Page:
Playlist for Rock On

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    Coles Hairston

    Part of the mission in updating this 1930s cottage was to preserve its original charm, even while making a significant addition. The stone exterior preserves the cottage flavor and lends a sense of permanence without appearing dated. Project: Bowman Residence, Austin, Texas; Builder: Texas Construction Co., Austin; Architect: Cuppett Architects, Austin; Designer: Sharon Wilkes, Austin

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    Antonio Paz Morales

    Ceramic tile disguised to look like stone gives the feel of a natural waterfall cascading down through the master bath. Project: Frank Bath; Architect/Designer/Contractor: Mabel Tweddle, Alexandria, Va.

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    James Salomon

    Stone walls add the perfect amount of grandeur to this seaside home, while keeping in step with its pristine landscape. Project: Maine Seaside House, Bar Harbor, Maine; Architect: Barnes Vanze Architects, Washington, D.C.; Builder: Classical Endeavors, Ellsworth, Maine

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    James Salomon

    A stone fireplace with clean lines and a quadrilateral cut-out for logs offers a stylish, modern update to a beloved classic. Project: Maine Seaside House, Bar Harbor, Maine; Architect: Barnes Vanze Architects, Washington, D.C.; Builder: Classical Endeavors, Ellsworth, Maine

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    Greg Hursley

    Stone cladding on this 1938 home offers a stately but visually interesting base to provide context for the front elevation’s whimsical elements. Project: Lyon Cottage; Builder/Architect: CG&S Design-Build, Austin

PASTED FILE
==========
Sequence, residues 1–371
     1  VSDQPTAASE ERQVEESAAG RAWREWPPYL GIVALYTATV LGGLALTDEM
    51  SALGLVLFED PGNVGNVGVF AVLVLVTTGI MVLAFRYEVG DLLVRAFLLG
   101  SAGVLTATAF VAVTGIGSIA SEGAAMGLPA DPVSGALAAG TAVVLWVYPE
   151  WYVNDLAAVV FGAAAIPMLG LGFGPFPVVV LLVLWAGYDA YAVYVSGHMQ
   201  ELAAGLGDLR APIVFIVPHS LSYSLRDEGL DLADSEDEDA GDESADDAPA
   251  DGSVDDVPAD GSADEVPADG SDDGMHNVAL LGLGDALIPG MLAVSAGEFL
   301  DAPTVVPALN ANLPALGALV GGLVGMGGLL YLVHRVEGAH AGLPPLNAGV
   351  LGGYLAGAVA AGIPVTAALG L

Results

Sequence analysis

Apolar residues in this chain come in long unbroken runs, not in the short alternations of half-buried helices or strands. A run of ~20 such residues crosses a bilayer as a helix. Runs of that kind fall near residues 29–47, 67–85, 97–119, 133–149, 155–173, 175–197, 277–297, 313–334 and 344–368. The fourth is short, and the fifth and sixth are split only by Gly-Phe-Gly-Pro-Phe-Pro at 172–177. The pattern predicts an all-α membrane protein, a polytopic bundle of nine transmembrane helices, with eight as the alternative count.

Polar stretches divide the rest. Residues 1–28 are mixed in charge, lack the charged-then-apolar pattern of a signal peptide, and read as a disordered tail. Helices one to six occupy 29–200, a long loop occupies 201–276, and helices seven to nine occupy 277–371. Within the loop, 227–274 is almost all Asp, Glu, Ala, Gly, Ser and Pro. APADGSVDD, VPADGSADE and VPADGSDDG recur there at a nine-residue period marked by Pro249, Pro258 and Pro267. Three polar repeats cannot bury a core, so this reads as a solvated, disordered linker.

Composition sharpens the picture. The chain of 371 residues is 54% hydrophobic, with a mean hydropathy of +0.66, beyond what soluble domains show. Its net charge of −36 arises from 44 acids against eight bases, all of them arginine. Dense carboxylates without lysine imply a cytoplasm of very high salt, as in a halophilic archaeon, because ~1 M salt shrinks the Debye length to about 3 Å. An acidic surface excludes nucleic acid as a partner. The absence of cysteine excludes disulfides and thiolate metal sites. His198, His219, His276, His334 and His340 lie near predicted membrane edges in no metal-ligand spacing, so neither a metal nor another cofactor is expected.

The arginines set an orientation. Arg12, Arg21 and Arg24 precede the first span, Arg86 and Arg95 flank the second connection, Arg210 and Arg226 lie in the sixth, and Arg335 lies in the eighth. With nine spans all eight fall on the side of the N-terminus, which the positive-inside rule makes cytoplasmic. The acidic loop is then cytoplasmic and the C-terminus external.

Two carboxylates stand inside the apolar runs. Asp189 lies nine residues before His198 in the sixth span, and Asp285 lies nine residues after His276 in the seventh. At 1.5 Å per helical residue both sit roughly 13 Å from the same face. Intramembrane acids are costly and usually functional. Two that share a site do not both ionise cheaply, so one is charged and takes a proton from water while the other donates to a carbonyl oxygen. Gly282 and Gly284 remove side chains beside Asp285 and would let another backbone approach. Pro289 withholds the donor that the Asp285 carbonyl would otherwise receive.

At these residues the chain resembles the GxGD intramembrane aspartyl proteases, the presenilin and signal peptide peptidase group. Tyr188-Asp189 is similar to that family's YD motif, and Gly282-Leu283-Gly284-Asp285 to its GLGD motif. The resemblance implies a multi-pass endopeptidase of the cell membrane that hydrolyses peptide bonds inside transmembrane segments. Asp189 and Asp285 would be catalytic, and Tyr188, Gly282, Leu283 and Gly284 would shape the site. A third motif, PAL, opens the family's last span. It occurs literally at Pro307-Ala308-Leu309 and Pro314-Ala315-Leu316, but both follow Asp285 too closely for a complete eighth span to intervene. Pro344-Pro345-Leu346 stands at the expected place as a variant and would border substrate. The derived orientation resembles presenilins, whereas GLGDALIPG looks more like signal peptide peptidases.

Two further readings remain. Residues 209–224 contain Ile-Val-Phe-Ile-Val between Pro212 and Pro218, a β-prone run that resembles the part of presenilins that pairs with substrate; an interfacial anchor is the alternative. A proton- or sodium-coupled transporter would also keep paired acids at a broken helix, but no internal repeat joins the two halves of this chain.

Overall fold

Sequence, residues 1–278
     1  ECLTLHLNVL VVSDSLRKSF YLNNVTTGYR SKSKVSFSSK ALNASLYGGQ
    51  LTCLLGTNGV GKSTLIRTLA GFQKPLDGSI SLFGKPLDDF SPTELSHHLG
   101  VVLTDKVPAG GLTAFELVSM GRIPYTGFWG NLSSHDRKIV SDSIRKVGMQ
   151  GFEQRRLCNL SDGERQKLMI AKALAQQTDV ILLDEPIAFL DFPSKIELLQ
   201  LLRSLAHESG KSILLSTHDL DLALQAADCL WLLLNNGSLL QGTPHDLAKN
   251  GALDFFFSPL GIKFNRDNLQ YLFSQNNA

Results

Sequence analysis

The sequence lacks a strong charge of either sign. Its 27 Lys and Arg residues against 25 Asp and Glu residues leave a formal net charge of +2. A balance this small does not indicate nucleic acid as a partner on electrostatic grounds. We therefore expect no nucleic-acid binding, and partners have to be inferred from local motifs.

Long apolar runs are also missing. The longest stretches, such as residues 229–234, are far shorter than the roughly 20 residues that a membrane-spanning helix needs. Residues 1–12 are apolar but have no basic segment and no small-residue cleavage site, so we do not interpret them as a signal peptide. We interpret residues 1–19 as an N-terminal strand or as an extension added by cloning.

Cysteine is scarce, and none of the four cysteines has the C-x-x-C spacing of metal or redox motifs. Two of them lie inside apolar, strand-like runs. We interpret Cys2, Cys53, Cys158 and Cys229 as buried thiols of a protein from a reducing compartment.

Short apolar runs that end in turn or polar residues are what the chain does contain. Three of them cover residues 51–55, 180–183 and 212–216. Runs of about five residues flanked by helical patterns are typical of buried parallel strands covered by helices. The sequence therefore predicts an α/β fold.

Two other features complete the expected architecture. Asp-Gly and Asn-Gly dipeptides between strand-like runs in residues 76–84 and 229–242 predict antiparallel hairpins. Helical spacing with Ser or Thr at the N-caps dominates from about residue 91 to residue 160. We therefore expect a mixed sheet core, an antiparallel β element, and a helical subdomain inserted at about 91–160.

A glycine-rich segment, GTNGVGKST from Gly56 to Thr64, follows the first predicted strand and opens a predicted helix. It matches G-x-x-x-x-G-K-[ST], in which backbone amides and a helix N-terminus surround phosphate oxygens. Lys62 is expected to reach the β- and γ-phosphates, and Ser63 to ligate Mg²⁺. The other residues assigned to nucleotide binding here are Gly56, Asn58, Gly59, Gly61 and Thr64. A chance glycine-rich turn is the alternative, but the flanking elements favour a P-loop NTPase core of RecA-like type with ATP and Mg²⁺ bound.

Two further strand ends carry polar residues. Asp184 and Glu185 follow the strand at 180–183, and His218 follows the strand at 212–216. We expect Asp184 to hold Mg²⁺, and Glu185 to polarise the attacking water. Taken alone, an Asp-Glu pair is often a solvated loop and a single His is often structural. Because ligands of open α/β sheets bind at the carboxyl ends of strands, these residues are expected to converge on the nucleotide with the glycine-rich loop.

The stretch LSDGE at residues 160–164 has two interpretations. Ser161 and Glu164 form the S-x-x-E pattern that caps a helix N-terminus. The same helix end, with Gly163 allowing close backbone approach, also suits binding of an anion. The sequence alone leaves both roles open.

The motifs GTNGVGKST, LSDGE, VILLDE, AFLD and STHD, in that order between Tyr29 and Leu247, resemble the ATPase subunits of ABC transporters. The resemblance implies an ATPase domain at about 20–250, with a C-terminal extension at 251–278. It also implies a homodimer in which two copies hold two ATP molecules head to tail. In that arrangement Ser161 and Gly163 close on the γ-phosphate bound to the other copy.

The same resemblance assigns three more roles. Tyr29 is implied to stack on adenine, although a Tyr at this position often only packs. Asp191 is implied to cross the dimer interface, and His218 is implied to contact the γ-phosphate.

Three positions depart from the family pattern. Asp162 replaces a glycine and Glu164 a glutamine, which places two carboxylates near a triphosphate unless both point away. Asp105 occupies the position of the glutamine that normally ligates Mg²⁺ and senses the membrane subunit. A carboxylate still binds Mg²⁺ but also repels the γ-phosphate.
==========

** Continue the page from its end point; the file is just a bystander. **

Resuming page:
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    Elliott Munoz

    A master bath’s shower clad in large river rocks offers a nature-inspired refuge. Project: Heyne Residence, Dallas; Architect/Builder: RPGA Design Group, Fort Worth, Texas

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    Courtesy Doug McDowell

    In New Mexico’s arid climate, a stream of rough-hewn stones adds visual interest to this Pueblo-style home’s landscaping. Project: Las Placitas Residence; Architect/Builder: McDowell + Satzinger Fine Homes, Santa Fe, N.M.

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    Carson Looney

    For a comfortable yet modest guest house nestled in a glen, a stone façade adds the perfect combination of dignity and charm. Project: Guest Cottage, Eads, Tenn.; Architect: Looney Ricks Kiss, Memphis, Tenn.; Builder: Hank Hill Co., Memphis; Landscape architect: Page Duke, Nashville, Tenn.

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    Courtesy Tate Studio Architects

    A modern stone entryway puts the emphasis on natural elements, a perfect beginning for the Arizona home which inside focuses on panoramic views of the surrounding desert. Project: Sefcovic Residence, Scottsdale, Ariz.; Architect: Tate Studio Architects, Scottsdale; Builder: Platinum Homes, Scottsdale

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    Tyler Stephens

    Stone gives a rugged contrast to the stained cedar soffits incorporated into this home’s geometric design. The stone chimney also offers an earthbound dimension to a house that, thanks to its floating roof, almost seems as if about to take flight. Project: AB Highway Residence, West Plains, Mo.; Architect: Core 10 Architecture, St. Louis; Builder: Feller Construction, West Plains

Strong, beautiful, adaptable, and often in ready supply on your site, stone is a building material for the ages. The features into which it can be built—from fences to flooring—are as unlimited as the architectural styles to which it can adapt. And its unbeatable blend of neutral coloring and earthy texture makes it the perfect addition to any area of a home.

To provide a little inspiration, we tracked down a plethora of projects, ranging from charming cottages to cutting-edge designs, all of which lean on the strength of stone.

Senior editors Amy Albert and Claire Easley contributed reporting to this article.

Learn more about markets featured in this article: Anderson, SC.